As men we know we are the boss of the house, and we have our wife’s permission to say so. It takes a tough man to know he is still the boss, despite the cold fish and the hot blog. When the guests who complimented her food now rave about her writing, remind yourself she couldn’t have kissed fame had it not been for your considerateness. When the client who partakes of your lunch is awe-struck by the corporate-cook-blogger’s ingenuity, tell him you have permitted a DSLR to take your position as head of the house. What is stoicism if not acceptance? As Sri Sri Ravishankar says, acceptance leads to contentment.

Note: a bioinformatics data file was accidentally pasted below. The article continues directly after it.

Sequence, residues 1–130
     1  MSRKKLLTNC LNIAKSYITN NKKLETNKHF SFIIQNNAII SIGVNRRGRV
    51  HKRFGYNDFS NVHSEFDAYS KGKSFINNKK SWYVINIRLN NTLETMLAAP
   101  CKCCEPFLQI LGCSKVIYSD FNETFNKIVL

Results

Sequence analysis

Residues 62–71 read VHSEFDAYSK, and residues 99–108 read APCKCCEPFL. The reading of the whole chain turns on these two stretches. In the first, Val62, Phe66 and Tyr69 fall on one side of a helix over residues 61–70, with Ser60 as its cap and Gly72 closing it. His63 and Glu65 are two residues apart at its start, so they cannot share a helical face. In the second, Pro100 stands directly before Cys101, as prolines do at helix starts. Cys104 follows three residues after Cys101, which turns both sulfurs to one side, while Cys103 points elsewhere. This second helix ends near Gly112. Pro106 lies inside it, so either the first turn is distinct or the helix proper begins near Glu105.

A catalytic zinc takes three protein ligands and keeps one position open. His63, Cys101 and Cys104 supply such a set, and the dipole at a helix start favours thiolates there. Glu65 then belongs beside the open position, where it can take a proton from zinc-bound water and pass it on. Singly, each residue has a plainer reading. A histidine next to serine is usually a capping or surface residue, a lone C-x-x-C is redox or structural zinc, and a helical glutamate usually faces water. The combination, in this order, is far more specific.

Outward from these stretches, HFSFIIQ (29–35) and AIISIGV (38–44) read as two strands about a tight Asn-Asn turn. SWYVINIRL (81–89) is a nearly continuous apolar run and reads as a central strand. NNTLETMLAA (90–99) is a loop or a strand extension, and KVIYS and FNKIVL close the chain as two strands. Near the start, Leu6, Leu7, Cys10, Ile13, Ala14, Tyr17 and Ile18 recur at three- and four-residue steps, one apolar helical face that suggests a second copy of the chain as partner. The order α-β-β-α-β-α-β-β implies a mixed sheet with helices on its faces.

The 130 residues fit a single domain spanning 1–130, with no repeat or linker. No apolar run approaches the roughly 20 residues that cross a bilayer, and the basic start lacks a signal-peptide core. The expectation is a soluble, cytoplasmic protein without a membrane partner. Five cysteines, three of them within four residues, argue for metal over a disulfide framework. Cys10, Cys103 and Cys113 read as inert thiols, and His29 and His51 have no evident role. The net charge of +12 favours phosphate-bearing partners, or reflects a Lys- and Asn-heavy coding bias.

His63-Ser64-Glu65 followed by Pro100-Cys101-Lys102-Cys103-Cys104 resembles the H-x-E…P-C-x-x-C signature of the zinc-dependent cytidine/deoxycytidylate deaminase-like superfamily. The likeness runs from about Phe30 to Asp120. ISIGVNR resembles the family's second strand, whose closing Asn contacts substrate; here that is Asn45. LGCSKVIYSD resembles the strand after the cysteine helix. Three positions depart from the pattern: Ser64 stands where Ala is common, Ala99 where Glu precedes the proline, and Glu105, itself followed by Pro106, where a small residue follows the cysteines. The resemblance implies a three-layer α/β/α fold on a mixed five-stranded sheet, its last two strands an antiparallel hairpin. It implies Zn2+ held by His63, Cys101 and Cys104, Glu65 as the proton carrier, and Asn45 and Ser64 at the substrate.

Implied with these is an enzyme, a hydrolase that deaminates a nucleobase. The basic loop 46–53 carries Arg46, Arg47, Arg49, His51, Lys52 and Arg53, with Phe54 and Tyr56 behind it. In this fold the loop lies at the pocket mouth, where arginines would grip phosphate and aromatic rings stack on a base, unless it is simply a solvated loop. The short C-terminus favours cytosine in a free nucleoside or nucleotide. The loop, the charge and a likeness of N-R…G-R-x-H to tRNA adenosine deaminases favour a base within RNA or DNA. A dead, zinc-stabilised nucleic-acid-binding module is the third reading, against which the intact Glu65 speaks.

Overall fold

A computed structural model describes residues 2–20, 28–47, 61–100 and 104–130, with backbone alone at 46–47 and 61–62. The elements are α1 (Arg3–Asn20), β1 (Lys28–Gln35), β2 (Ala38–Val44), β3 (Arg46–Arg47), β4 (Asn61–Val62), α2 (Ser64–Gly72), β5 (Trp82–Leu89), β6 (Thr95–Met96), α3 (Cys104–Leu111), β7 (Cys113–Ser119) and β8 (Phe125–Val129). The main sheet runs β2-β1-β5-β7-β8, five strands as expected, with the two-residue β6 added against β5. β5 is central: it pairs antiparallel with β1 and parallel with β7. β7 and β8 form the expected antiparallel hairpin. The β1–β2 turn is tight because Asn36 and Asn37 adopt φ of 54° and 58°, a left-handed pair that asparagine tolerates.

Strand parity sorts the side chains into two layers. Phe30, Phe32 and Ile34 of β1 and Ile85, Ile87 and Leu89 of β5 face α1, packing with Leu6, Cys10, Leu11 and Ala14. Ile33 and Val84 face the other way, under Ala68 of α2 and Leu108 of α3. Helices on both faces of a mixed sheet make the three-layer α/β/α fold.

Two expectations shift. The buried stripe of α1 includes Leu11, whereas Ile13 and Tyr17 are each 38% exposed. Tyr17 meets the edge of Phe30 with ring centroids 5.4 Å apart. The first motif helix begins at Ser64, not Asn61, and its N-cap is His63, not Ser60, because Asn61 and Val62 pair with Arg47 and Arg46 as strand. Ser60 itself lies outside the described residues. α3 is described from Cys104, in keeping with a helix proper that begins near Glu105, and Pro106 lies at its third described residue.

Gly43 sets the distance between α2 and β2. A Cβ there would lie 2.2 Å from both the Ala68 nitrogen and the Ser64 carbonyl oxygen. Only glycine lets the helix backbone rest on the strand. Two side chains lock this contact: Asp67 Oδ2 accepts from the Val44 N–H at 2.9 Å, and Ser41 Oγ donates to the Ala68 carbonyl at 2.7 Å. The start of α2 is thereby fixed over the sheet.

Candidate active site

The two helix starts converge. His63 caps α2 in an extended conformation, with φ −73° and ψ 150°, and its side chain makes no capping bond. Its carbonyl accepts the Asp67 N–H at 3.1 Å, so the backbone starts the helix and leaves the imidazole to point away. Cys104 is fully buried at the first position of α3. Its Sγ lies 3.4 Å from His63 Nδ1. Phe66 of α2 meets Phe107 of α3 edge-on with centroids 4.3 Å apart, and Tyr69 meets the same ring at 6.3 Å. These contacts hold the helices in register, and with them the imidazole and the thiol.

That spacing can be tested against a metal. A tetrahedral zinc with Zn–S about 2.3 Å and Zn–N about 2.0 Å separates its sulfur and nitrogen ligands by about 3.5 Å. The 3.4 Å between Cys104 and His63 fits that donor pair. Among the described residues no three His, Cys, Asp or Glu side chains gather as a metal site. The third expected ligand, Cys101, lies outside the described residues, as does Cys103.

R.K.Narayan’s story “The Martyr’s Corner” carries a gentle philosophy – ‘the God’s grow jealous of too much contentment anywhere and show their displeasure all of a sudden’. I now understand what he meant. Some freak of fate got my instant-hit blogger in touch with a publisher before I could reach for my second kebab. The universe was conspiring against me while I was busy getting my strategies in place. Did someone say women were the weaker species? I was not one to give up so easily, I extracted my lifelines from the conspiracy itself.
2. Forget People, Embrace Characters: